One of Belgium’s oldest cities has a central square over a Gallo-Roman cemetery, and was the birthplace of Clovis I (466-511), founder of the Merovingian dynasty.
Grand Place, lovingly reconstructed after firebomb raids in 1940, has a rare concentration of historical buildings.
There are two World Heritage Sites here; a magnificent Romanesque-Gothic cathedral and a Belfry that has stood since the 12th century.
Tournai, with close streets that beckon you down to quaysides on the River Scheldt, is a city that demands exploration.
Awaiting are historic churches in the city’s transitional Gothic style, a Medieval fortified bridge, Romanesque houses and engrossing museums for art, archaeology, social history and natural history.
1. Cathédrale Notre-Dame de Tournai
One of two UNESCO inscribed monuments on Grand Place, Tournai Cathedral is a magnificent blend of Romanesque, and Gothic and easily recognised by its five solemn square towers.
More than 130 metres long and with a maximum height of 84 metres, the proportions of this monument are vast when you consider its age.
The nave went up at the very beginning of the 12th century, while the Gothic choir is a transitional transept with both Romanesque and Gothic elements from the turn of the 13th century.
In typical Romanesque fashion, the nave is austere and intimidating, contrasting with the airiness of the choir, which was inspired by the northern French cathedrals in Amiens and Chartres.
Be sure to check out the Issue of Souls in Purgatory by Peter Paul Rubens (c.
1635), and the masterful Renaissance rood screen by Flemish sculptor Cornelis Floris from 1573. The treasury brims with invaluable liturgical art, like a 14th-century Arras tapestry, two reliquaries, precious ivories and magnificent pieces of goldsmithery.
2. Grand Place
Tournai’s triangular main square was outside the city walls in its earliest days some 2,000 years ago.
At that time this expansive space was a Gallo-Roman cemetery, and only became a market place in the Carolingian era, around the 8th century, when European trade was reborn.
We’ll talk about all of the big sights on Grand Place in this article, but it’s also worth remembering that Tournai has a record-breaking number of catering establishments.
Grand Place, restored after devastating incendiary bomb attacks by the Luftwaffe in May 1940, has an almost unending row of cafe and restaurant terraces on its north side, under historic gabled facades.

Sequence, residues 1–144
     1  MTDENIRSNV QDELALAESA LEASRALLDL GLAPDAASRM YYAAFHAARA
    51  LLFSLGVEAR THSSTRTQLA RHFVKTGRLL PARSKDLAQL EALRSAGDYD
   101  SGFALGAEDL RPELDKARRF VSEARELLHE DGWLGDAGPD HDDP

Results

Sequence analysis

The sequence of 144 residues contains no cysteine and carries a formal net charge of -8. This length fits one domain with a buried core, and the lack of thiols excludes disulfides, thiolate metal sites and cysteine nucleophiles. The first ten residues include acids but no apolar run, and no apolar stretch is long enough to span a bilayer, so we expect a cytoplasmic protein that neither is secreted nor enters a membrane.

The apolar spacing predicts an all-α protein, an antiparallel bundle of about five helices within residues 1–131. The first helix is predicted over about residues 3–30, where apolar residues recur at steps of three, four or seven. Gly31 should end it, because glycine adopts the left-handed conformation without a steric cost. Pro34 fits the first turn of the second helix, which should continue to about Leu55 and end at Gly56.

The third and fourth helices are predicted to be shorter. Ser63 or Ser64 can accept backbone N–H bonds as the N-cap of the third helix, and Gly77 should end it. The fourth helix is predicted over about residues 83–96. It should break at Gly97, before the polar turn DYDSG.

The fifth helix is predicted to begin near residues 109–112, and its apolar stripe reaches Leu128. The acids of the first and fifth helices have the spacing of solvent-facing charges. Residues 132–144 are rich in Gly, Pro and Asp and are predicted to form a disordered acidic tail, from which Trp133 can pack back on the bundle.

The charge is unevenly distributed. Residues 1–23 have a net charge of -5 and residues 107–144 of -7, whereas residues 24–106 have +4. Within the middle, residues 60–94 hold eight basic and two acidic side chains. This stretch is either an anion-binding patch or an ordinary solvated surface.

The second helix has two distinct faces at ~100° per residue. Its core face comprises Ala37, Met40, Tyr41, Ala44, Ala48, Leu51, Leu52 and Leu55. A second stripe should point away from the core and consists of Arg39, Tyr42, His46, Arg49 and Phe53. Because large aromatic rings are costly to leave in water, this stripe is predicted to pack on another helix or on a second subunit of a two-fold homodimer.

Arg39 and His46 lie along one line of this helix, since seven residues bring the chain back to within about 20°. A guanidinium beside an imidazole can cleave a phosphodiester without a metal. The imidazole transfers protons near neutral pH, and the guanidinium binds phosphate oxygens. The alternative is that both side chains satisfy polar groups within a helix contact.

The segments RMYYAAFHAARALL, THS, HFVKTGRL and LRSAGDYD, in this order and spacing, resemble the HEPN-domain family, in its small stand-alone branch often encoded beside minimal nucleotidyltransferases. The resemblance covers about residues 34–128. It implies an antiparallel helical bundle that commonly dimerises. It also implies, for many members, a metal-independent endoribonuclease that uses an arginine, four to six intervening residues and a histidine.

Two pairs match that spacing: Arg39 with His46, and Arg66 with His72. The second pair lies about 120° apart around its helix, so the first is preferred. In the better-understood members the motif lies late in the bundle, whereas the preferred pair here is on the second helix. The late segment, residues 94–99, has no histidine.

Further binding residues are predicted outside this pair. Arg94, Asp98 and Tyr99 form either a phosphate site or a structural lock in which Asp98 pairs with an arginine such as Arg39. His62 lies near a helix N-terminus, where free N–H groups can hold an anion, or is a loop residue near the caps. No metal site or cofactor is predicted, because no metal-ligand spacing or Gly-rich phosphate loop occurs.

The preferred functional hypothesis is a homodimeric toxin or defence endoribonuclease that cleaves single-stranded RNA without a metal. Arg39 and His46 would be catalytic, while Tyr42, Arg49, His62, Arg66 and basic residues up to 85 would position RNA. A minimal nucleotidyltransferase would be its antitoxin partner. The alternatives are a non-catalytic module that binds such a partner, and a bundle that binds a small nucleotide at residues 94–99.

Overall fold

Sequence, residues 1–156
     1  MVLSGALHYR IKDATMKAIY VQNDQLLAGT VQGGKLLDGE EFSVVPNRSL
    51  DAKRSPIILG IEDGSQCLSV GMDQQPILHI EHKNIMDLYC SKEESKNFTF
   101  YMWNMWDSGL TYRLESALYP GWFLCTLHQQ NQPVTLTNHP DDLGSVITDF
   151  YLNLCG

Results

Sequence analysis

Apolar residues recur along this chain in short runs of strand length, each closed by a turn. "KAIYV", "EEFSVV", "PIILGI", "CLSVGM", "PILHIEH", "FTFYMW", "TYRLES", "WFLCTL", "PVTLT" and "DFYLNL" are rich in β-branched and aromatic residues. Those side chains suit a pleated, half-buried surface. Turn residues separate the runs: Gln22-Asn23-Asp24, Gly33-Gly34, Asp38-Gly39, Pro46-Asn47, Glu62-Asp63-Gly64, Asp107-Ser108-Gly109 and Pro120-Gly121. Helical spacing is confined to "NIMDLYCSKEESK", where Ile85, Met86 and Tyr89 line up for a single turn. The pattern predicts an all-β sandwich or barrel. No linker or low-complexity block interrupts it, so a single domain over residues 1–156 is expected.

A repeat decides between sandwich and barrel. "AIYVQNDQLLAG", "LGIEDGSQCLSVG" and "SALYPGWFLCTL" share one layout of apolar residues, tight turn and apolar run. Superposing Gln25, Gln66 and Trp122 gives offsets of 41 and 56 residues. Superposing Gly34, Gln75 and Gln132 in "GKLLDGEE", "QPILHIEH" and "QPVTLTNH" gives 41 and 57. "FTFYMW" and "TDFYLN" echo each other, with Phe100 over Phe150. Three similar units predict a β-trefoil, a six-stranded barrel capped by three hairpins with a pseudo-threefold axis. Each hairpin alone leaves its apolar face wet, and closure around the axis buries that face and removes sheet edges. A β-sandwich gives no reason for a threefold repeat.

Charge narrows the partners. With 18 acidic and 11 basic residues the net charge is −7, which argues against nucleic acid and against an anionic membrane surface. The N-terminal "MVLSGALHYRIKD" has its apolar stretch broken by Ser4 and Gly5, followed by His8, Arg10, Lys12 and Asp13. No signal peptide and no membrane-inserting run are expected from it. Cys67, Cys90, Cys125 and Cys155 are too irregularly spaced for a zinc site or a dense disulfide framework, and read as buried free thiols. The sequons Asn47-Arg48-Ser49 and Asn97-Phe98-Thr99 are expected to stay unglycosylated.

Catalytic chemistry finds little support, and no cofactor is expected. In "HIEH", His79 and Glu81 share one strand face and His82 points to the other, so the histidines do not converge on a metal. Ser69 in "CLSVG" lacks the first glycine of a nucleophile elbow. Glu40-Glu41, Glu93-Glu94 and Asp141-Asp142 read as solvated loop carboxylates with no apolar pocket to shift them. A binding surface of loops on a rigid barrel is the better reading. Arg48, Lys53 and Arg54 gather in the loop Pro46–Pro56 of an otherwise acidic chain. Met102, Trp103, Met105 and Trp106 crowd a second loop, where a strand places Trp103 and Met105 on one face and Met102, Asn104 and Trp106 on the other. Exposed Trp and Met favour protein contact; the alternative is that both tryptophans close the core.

The 72-metre freestanding bell-tower on Grand Place is one of 56 belfries in France and Belgium that have earned a single UNESCO World Heritage listing.
The story of Tournai’s belfry begins around 1188, after Philip II of France granted a town charter, part of which allowed for a communal bell.
This makes it the oldest belfry in Belgium, and, as the city grew in the 13th century, buttresses and polygonal turrets were added to that 12th-century base.
The tower was used as a vantage point to spot attacking enemies, as well as fires within the city.
The chambers within, on five different floors, were used as a prison until 1827 but also held the town hall for a time.
The original bells were claimed by a fire at the end of the 14th century, and the oldest bell in the tower today was cast as long ago as 1392. The belfry is open year round, Tuesday to Sunday, and you can battle up the 257 steps for an all-encompassing view of Tournai.
4. Musée d’Histoire Naturelle de Tournai
In 2028 this natural history museum will celebrate its 200th anniversary.
Since 1839 it has been housed in a Neoclassical building on the site of the former Abbey of Saint-Martin, which was dissolved in 1797. This was the first museum in Belgium to be accessible to the public, and owed its early growth to the patronage of King Leopold I and the leading botanist/politician Barthélemy du Mortier.
The natural history museum, mainly charting evolution in the animal world, is modern in many ways, but has the feel of a 19th-century cabinet of curiosity with specimens and taxidermies kept in elegant glass cases.
A favourite for younger visitors is the Vivarium, which keeps live Chinese alligators, tarantulas, chameleons and all kinds of other reptiles and invertebrates.
5. Maison Tournaisienne